Try a little sweet talk

She says:                                                                                                                                                                                                                  

Lately, I’ve noticed a lot of people on TV snipping at each other.  I’ve taken it in stride, just absorbing it as part of the plot or character development. But then I started noticing “real” people around me getting snippy with each other.  It bothered me – a lot. Then I started kind of obsessing over it, noticing just how much it happens in real life and, in my own life. For a group of people who are supposed to love each other so much, my husband and my kids snip at each other and at me, a lot. Notice, I didn’t include myself in that. I think, in my efforts to always keep the peace, it hasn’t occurred to me to start responding to my loved ones in a rude way. That is, until lately and for a really bad reason – to keep up with the angry Jones’s.  I have actually started responding to my husband and kids in a rude way (no swearing or anything, just a nasty tone) because they do it to me and I don’t want to feel like a patsy! How sick and wrong is that?

I must rein it in because it is just so pointless. Then it’s a tit-for-tat thing that just builds on itself.  Talking to other people in a rude, disrespectful, angry way is just wrong – no matter who it is but especially when it’s your own family.  Whenever  Thomas or the kids talk to me that way, it wounds me a little more each time.  Frankly, it hurts my feelings. And it diminishes each of us as people and certainly as a family. I forgot something I used to say to my children when they were little – “there isn’t a single thing that can’t be handled by talking calmly, politely and reasonably.” Naïve as that may sound, I believe it’s true. I’ll work on this with myself and with my family. I encourage you, dear readers, to take a closer look at how you talk to each other and how others talk to you. It’s just as easy to be nice, and even more satisfying in the big scheme of things. Can’t we all just get along?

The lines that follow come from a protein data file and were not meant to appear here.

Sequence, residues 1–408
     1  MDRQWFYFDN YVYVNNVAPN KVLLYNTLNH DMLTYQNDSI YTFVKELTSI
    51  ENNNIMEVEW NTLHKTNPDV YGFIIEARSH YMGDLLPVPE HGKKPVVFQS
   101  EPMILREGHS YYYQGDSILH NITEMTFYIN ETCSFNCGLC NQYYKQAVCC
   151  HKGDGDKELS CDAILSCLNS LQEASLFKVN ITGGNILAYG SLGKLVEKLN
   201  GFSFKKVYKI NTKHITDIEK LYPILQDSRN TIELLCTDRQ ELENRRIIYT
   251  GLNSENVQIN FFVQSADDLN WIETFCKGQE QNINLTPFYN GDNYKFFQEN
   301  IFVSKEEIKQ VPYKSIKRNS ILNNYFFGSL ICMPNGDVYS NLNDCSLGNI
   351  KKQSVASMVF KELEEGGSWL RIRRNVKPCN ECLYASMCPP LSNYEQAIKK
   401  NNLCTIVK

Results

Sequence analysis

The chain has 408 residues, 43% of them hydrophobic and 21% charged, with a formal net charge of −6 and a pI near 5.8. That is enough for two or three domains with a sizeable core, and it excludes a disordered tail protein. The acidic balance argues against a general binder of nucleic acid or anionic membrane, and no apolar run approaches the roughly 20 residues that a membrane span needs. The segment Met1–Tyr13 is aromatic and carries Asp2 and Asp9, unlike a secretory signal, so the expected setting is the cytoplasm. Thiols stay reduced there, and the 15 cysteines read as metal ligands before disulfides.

He says:

Of all the topics shared on Parent Tango, this one makes me the most uncomfortable to discuss. As much as I’d like to stop typing RIGHT NOW and not share my thoughts, open communication is so vital to a family that I am compelled to continue.

After 20+ years of marriage, parenting 4 kids, and tackling Life’s many challenges together, it would be tempting to think Courtney and I have some very basic relationship issues fully resolved. This is a goal we aspire to, but have not yet achieved. Our disconnects often bring out strong emotions in me, amplified by work stresses. Wrongly, I respond to Courtney in a curt and condescending way. Why? Maybe it is because I am a big jerk… or just a flawed man. Well- no excuses. Truthfully, what really matters is that I change. I fully agree with Courtney on this issue- talking respectfully and kindly to one another is vital for each relationship within a family. If the words used in a family are not kind, feelings and behavior quickly go downhill. As a parent, and loving spouse, I must choose my words carefully when expressing my emotions. By doing so, I’ll take a strong step toward creating a better family.

One thought on “Try a little sweet talk

  1. Boy, did this hit home with me! Snippy isn’t the problem here, but using a quiet and calm tone is. Our 8 year old (going on 16)granddaughter lives with us, and there are times when her behavior sends me into a tizzy. If I’d just stop and remind myself to calm down, things would be better. Whenever I do address her behavior with a calm voice, it immediately changes her. Why I can’t remember that every time, I don’t know. We are flawed, Thomas, but I’m so glad there are voices of reason in our lives, too, like Courtney. Thank God for unconditional love!

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